Protect your computer from the latest hacker threat: WannaCry ransomware
Your computer is your life nowadays, especially if you run your own business and website. Hackers are always dreaming up new ways to attack your computer, and one of the latest methods is ransomware.
What is Ransomware?
Ransomware is malicious software (malware) that basically does what it says on the tin: it holds your computer for ransom. Once the malware gets in, it encrypts your data and demands something from you – usually money – for the key so you can access your computer again.
The latest malware menace
On the 12th of May 2017, the newest form of this software, called ‘WannaCry’ or ‘WanaCrypt’ (among other names), was released, creating massive problems in computer networks all over the world. It affected many organizations, including FedEx and the British National Health Service.
WannaCry is different from older ransomware in that, instead of being confined to one computer, it can spread to all computers in a network. It takes advantage of a vulnerability in the Windows networking code and can infect the entire system in a matter of hours. Windows released a patch for this issue earlier in March, but many users hadn’t installed it, making them susceptible to the ransomware.
To keep your computer safe, do this right now!
It is vitally important that you install the patch right away. If you’re running Windows 10 your computer has done it automatically. If you’re using Windows 8 or an earlier operating system, such as XP or Vista, you should go the Microsoft Update website and install your security updates as soon as you can.
How to protect yourself from Ransomware
There are many things you can do to protect your computer from attacks. Some of them might seem like inconveniences that take too much time and trouble – until you’re infected – and then, well, you will want to cry.
Always install the latest security updates
Everyone was annoyed when Windows 10 came out and forced you to update automatically, but there’s a reason for that. If you’re using an earlier operating system (and many businesses do), talk to your computer security consultant to make sure you’re doing everything possible to protect your network. It’s also important to make sure your browser and important software are up to date.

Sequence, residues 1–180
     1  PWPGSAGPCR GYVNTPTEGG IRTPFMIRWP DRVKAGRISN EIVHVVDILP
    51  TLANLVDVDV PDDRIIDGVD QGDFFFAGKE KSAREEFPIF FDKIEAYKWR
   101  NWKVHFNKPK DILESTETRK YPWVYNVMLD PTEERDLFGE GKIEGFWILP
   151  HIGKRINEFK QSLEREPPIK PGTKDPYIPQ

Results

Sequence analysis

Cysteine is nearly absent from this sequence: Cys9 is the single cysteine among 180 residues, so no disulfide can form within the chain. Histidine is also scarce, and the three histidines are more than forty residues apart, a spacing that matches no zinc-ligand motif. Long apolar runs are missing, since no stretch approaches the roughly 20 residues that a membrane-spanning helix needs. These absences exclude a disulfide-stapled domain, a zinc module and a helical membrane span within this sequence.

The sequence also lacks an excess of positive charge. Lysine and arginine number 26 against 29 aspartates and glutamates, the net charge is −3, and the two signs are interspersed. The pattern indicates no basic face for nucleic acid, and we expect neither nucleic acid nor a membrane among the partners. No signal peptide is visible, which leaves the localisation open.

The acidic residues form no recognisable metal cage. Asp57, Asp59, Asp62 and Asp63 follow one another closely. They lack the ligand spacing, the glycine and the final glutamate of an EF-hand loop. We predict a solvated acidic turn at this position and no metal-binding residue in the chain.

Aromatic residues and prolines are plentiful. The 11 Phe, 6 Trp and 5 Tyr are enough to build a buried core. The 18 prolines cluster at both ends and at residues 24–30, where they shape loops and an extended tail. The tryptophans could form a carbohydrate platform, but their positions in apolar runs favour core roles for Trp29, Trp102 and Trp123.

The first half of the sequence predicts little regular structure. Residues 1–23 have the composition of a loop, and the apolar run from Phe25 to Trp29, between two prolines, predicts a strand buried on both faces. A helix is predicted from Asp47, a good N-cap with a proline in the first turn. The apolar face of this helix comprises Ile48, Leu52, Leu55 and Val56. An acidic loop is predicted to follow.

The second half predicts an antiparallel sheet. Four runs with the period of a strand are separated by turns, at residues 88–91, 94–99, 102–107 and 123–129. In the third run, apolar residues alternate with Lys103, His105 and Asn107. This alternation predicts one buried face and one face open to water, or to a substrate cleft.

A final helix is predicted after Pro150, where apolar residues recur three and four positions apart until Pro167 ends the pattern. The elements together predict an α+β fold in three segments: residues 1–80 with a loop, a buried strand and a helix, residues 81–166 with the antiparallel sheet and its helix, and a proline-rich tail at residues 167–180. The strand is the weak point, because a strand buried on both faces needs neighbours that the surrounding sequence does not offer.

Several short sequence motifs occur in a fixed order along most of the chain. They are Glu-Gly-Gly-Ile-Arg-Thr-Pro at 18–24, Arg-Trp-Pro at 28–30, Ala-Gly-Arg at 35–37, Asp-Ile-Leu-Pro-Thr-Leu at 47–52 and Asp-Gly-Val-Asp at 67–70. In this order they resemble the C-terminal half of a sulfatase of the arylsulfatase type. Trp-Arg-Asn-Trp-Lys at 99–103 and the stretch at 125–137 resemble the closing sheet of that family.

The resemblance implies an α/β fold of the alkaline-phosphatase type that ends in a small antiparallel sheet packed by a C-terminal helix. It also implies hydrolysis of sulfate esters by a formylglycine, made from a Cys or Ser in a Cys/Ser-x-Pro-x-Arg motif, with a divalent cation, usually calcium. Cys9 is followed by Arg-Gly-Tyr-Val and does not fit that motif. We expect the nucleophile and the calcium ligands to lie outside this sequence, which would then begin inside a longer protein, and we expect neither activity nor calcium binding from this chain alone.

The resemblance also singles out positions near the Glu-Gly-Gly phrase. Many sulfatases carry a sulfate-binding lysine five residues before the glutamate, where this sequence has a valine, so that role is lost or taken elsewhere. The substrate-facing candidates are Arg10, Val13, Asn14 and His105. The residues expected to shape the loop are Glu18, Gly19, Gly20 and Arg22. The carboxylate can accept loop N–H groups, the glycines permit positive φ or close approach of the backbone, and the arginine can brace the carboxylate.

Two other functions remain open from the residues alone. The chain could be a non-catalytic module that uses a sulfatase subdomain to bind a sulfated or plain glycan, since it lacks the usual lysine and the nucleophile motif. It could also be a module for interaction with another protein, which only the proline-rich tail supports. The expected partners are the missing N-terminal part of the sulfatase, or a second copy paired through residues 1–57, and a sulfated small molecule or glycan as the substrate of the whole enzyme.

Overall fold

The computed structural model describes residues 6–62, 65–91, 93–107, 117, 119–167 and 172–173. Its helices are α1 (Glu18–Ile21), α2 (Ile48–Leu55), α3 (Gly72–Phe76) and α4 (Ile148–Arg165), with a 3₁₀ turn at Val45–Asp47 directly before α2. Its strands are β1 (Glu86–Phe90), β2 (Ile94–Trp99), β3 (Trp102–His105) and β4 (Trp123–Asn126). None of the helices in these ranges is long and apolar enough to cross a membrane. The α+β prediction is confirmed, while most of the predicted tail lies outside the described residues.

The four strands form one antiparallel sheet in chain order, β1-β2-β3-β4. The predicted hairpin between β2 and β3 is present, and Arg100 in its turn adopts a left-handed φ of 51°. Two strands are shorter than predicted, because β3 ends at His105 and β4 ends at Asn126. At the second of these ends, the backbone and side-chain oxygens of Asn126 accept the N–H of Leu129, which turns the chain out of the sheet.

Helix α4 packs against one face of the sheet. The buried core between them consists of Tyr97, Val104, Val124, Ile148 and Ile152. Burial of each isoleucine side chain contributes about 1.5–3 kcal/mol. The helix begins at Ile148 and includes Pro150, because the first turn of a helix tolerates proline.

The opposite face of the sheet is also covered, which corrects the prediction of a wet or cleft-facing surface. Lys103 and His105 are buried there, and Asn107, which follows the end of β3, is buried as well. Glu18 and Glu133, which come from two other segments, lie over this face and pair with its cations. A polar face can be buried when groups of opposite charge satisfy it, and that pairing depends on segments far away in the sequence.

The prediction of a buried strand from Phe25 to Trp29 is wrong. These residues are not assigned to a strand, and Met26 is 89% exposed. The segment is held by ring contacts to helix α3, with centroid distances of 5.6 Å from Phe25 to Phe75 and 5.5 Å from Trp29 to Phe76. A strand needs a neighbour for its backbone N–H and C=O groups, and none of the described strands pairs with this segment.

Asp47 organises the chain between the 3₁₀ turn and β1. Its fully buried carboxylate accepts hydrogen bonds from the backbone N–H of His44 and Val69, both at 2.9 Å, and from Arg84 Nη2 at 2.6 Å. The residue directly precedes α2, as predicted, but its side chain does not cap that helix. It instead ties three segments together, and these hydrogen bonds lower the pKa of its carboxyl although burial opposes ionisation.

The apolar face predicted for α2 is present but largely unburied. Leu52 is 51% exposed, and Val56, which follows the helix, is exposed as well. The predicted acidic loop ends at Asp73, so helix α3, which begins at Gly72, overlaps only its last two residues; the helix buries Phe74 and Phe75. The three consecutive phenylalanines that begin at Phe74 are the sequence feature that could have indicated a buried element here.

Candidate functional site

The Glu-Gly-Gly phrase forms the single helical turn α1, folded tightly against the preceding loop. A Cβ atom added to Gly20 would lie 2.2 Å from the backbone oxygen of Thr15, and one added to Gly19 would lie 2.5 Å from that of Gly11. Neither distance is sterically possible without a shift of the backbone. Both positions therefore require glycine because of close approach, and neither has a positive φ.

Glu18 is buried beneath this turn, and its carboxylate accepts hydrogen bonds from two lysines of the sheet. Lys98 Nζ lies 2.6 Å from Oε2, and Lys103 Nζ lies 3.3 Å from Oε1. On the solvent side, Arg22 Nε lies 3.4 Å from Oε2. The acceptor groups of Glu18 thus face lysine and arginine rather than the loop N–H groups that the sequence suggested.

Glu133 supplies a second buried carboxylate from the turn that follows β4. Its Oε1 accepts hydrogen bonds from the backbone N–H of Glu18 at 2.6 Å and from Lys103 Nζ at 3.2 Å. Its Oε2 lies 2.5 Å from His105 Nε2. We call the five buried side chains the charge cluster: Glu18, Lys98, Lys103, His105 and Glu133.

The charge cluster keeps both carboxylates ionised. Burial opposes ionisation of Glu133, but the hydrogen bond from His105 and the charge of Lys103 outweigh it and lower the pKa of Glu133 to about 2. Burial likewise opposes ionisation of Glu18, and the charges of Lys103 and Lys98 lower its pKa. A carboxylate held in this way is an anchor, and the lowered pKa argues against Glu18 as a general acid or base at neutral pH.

Keep up with your backups
Given the reasonably-priced hard drives available nowadays, with capacities of one terabyte (1,024 gigabytes) and up, it isn’t that expensive to back up your system regularly. You can also use online and cloud-based backups. Once a week is a good baseline, but depending on your computer use you might need to do it more often.
Use a good anti-virus and anti-malware program
Not all anti-virus programs also address malware, so check out the fine print. You can also install a security program, such as Malwarebytes, that is specifically designed to protect you against such threats.
You might also like to look at the Australian Government Department of Defence’s cyber-security webpage, which has many helpful tips you might find useful.
How your computer gets infected
Malware usually gets into your computer because you clicked on something that let it in. There are two usual avenues of infection: through email or over the internet.
Examine your emails carefully and only click on links and attachments that come from known, trusted senders. Even then, look closely before clicking. Your friend’s and colleague’s accounts can get hacked, sending out fraudulent emails to all their contacts.